4 Watercolor Techniques For Painting With A Fan Brush
Have a fan brush but have no idea how to use it? Here are 4 watercolor techniques using a fan brush, courtesy of Steve Mitchell. Thanks Steve!
- A few small sheets of watercolor paper
- Masking tape (width 1″)
- Painting palette for watercolor paints
- Your choice of watercolor paints
- A container of water
- A towel or rag to dry off the brushes
- Fan brush (size 4 and size 10/0)
- Round brush (size 8)
Random Upward Strokes
Tape a small sheet of watercolor paper to your workspace or a wooden board for support (you can switch papers whenever you run out of space). Then, using the round brush, mix some water into your green paint before painting a saturated line onto the paper. While the paint is still wet, take the clean size 4 fan brush and gently brush in an upwards motion, starting from the bottom of the line of green and ending above the initial line. Gradually lift the brush off the paper to taper the points. You can curve the lines to the left and right to create a grassy effect. You can also use a twisting motion, or use the edge of the bristles to prevent the grass from looking too patterned (i.e. regular).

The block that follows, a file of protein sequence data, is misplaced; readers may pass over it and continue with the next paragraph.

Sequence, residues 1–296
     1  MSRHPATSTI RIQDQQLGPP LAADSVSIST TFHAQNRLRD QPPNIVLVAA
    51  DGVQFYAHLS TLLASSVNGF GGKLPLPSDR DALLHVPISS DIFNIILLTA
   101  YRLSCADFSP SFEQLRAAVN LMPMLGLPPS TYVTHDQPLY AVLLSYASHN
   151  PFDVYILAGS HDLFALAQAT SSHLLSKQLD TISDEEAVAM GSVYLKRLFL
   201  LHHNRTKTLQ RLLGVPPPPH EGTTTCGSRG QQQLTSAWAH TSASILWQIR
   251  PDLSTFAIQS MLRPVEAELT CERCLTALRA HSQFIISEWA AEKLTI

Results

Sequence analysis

The next technique was taken from oil painter Bob Ross, and can be used for oil painting as well. Steve calls this technique the “side crunch”, where you hold the fan brush perpendicular to the paper and “crunch” the bristles onto the paper. Move the brush up and down in a stabbing motion, and work your way back and forth to create a dotted texture. The resulting effect should look like spiky leaves on a tree.
Side To Side
Another method is to hold the fan brush so it’s horizontal to the paper, then use the edge to paint side-to-side. Don’t paint completely straight lines; rather, you can let the brush move down a little occasionally to create a mossy or grass-like texture (called “scumbling”). For more controlled strokes, use the corner of the brush. Another way to use this technique is to paint water ripples with some blue paint. As mentioned before, you can scumble the edges to create a more irregular effect.
The most unusual technique is the bouncing technique. This is where you hold the end of the fan brush between your thumb and forefinger, then lightly bounce the brush on the paper. This creates a dot-like texture, although Steve doesn’t really recommend using this technique to paint foliage as it is again too regular-looking. You can bounce the brush on its edge to vary the effect and prevent the dots from looking too patterned.
Feel free to experiment for yourself! You’ll discover which techniques you’re most comfortable with, and practice your fine-motor skills at the same time. Here’s a video of Steve demonstrating each technique: